SAND LAKE, Mich. (WOOD) — If you need police in Sand Lake, you will not see the familiar dark blue Sand Lake Police Department cruiser pull up.
The department’s office at the village hall is dark and the cruiser is parked in an empty bay at the fire station.
The village council voted March 18 to suspend the department. Officials are looking at other options for police service in the village of 500 residents.
In downtown Sand Lake, reaction over the decision is mixed. Mystic Emporium owner Tyler Umphrey has one major concern.
“Basically response time,” he said.
But others agree the money budgeted for the part-time force could be better used elsewhere.
“I didn’t think it warranted it either, ’cause we’re so tiny. It’s not like we have criminals running around or anything,” Denise Schneider said as she cut hair at Corner Hair Design.
The department’s chief was let go in December after an injury unrelated to policing sidelined him. The three part-time officers remained on the job. At the time, the Village President Danielle Hardenburg said she and other officials would look for a new chief.
But last week, they shut down the force, which costs the village about $60,000 per year.
On Monday, Hardenburg told 24 Hour News 8 the village is looking for the most cost-effective way to deliver law enforcement service. Just what that model will be remains to be seen.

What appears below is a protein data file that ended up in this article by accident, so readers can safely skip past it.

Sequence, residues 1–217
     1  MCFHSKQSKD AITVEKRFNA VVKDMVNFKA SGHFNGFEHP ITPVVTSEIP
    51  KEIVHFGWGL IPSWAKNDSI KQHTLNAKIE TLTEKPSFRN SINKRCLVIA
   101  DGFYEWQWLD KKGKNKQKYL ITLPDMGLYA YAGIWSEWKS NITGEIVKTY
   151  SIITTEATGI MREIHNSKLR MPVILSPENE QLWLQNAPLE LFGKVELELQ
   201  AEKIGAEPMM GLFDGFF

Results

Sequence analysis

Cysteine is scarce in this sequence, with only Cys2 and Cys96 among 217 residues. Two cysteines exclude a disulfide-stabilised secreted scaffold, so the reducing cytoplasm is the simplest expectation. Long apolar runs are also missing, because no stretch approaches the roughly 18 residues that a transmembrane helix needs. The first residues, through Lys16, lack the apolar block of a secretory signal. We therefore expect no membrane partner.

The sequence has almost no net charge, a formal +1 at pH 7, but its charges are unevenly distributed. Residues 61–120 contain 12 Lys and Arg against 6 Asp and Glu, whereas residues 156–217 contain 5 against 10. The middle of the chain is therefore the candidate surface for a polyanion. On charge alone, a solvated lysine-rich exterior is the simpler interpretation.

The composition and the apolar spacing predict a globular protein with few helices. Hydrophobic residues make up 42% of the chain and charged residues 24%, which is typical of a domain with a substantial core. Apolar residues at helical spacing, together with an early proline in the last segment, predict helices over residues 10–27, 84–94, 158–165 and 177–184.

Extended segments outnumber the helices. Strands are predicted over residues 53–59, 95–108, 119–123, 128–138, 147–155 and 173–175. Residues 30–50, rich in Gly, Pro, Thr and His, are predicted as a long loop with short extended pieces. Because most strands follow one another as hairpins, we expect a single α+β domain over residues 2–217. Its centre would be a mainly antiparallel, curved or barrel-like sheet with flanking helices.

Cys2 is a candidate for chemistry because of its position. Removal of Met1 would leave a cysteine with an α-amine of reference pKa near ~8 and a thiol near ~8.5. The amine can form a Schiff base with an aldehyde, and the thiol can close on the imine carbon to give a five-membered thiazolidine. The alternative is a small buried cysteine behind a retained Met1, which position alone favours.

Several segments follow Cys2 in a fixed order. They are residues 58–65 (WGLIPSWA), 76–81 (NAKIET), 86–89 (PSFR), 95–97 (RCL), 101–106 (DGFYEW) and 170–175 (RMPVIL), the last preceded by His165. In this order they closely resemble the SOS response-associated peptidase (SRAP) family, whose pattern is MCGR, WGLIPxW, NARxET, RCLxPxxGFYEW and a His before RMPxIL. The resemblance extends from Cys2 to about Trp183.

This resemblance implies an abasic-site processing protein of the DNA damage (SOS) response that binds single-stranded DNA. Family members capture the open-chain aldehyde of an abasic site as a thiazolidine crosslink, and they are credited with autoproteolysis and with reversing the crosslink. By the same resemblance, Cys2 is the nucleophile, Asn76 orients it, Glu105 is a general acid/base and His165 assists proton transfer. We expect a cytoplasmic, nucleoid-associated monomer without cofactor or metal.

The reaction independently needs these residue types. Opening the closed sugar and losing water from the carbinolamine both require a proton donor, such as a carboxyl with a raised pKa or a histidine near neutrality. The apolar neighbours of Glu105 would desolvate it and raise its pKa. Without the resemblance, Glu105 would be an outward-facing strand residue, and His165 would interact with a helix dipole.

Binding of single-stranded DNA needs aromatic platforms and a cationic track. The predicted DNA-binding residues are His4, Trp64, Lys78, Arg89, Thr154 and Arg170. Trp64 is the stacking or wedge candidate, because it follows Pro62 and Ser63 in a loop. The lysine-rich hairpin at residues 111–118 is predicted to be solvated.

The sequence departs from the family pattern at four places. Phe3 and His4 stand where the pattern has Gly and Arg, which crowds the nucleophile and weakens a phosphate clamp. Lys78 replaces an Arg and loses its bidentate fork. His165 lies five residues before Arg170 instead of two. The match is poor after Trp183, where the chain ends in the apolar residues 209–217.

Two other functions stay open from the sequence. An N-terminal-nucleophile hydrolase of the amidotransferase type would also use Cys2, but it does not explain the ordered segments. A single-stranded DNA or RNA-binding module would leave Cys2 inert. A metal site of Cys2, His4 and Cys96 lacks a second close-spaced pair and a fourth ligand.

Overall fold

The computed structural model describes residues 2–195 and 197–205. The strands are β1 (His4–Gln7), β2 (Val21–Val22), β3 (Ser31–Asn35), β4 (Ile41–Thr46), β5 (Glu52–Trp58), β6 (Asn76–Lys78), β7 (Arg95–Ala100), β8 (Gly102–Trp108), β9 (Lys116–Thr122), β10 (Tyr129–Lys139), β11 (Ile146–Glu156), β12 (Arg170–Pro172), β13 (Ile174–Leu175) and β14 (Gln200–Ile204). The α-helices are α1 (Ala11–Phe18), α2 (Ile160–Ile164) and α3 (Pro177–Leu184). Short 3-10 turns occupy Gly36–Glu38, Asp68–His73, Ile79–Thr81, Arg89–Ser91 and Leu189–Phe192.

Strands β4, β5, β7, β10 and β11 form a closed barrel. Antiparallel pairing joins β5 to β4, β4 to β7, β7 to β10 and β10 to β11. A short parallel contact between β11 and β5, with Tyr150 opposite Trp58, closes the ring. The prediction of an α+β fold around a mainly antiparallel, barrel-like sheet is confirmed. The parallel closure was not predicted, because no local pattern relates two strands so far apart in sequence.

The Kent County Sheriff’s Department is in talks with the village about working out coverage plan. For now, deputies will respond to calls for service in Sand Lake as they always have. But unlike other communities that pay extra for dedicated patrols, Sand Lake will get only the basics unless another plan can be worked out.
“Their calls for service will be prioritized within the long list of calls for service within the general coverage townships,” Kent County Sheriff’s Department Sgt. Joel Roon explained.
That’s what has Mystic Emporium owner Tyler Umphrey worried. Forget any stereotypes you may have: The local head shop owner likes having police just around the corner at Village Hall.
“As a businessman, I want to be protected just in case anything crazy happens,” Umphrey said. “If anything happens around here, what’s it going to take? Like 10, 15 minutes for anybody to show up?”
But Denise Schneider at Corner Hair Design says her customers are happy with the move and so is she.
“This is a real quiet town,” Schneider said. “So I’ve never had any shenanigans or anything going on around here. It’s real quiet and peaceful.”
Village officials expect to hear a lot more from the community at their next meeting April 15.